Buddy Dyer, a government worker in Orlando, stated, at approximately 12:30 PM on Sunday, June 12, 2016, soon after the mass shootings in Orlando, that the most important thing right now is to waive the HIPAA laws so the physicians taking care of 53 injured patients can communicate with their distraught family members.

HIPAA, which stands for the Health Insurance Portability and Accountability Act, is only one of dozens of shackles, obstacles, and barriers, that Federal government workers have imposed on patients and their physicians. Contrary to popular perception, HIPAA does nothing to actually safeguard your privacy from the most dangerous entity that might invade it, namely the government. If you are on Medicare or Medicaid, you have no privacy from the eyes of government. Plus, the rules of the “alternative payment methodology” in MACRA (the Medicare Access and CHIP Reauthorization Act of 2015) expand government access to records of ALL patients of a Medicare physician.

Now let us imagine the position of the physicians and nurses taking care of the people horrifically shot in this attack. All of a sudden, they are called upon to use every bit of their knowledge and skill, all their physical abilities and stamina, and all their emotional equilibrium, to do all they can to save the lives, limbs, and abilities of 53 seriously injured patients.

Those who have not been there, experiencing the horror embodied in the injuries of people who have been attacked in an attempt to murder them, can hardly imagine what it is like. It is a terrible emotional trauma, one which physicians and nurses must bear without allowing it to affect the critical decisions and actions they must take, often in minutes, or even seconds.

Meanwhile, they are aware of the heartbreaking uncertainty of the people trying to find out whether their family members are alive or dead, or how badly they are injured.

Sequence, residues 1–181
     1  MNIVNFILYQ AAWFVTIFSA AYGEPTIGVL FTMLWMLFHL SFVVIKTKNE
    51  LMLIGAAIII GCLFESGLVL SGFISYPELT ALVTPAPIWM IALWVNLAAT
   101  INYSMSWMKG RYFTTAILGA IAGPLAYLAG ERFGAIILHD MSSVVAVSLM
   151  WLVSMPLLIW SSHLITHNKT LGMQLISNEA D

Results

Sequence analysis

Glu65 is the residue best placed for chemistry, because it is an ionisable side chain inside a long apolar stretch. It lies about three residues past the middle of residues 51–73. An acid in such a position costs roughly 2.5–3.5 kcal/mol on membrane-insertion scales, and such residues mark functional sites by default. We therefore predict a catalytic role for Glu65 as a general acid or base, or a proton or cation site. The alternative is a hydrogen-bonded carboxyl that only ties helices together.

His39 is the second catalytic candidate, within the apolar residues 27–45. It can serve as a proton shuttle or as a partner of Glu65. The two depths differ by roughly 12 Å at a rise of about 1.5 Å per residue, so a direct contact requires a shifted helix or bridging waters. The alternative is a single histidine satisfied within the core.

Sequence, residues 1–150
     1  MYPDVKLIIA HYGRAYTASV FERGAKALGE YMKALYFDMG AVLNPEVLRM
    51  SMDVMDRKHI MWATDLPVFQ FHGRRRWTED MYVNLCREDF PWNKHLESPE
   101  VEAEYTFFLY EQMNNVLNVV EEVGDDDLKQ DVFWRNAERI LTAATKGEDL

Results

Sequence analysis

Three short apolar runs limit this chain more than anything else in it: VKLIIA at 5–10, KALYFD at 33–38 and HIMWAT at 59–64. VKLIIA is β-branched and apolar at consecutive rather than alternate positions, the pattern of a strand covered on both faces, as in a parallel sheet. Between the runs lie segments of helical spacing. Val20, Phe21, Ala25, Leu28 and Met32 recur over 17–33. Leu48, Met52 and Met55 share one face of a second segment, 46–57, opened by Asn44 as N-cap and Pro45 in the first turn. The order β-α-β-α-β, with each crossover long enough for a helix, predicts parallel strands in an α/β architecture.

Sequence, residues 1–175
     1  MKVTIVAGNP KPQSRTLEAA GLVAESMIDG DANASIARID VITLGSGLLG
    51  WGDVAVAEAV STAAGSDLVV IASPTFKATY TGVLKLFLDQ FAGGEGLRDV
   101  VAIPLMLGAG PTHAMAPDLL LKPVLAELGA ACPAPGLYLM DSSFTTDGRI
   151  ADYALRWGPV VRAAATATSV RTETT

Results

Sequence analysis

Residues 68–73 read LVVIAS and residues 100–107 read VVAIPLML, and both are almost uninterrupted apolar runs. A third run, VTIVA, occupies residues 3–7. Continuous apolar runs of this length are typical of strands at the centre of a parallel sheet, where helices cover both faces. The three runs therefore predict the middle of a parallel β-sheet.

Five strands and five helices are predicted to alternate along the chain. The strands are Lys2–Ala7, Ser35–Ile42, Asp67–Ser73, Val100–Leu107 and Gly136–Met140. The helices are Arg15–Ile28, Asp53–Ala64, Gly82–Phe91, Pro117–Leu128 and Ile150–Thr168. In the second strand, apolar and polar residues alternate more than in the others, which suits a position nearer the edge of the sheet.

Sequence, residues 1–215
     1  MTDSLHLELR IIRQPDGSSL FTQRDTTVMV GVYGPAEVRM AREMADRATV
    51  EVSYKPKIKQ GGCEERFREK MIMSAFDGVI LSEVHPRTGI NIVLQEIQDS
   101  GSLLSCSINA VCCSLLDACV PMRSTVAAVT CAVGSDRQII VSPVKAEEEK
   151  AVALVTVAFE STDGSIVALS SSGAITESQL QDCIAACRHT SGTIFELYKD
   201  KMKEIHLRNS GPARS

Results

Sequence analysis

Likewise they are aware of rules like the following from HIPAA: “Accessing protected health information without authorization and the disclosure of this information to a third party carries a jail term of up to 10 years.” This is what could happen to a physician or nurse who spoke to a family member about one of their relatives critically injured in the hospital. They are not allowed even to say the patient is in the hospital. Also, there is an additional problem for the physician; if he discloses any information, it will be the end of his career, and you will lose a physician who might be needed someday to save your life.

It used to be much easier to protect patients’ privacy, while still being able to communicate with family, as well as other members of the team trying to save the patient. But government workers, with the clubs and chains of the voluminous laws imposed on others, whose work they understand very poorly, have used coercive methods to force electronic medical records (everything is supposed to be “interoperable!”) upon us. That way, government and insurance bureaucrats, prosecutors, hackers and blackmailers can access what should be private medical records from millions of patients at once, while family members in time of crisis are kept in the dark.

By Dr. Tamzin Rosenwasser, who earned her MD from Washington University in St. Louis after putting herself through medical school, is board certified in Internal Medicine and Dermatology, and and served as President of the Association of American Physicians and Surgeons (AAPS) in 2007 and 2008. Dr. Rosenwasser is currently writing a book on medical practice, serves as the chair of the Research Advisory Committee of the Newfoundland Club of America, and believes that her dogs have better access to medical care and more medical privacy than she has, and her veterinarians are paid more than physicians in the United States for exactly the same types of surgery.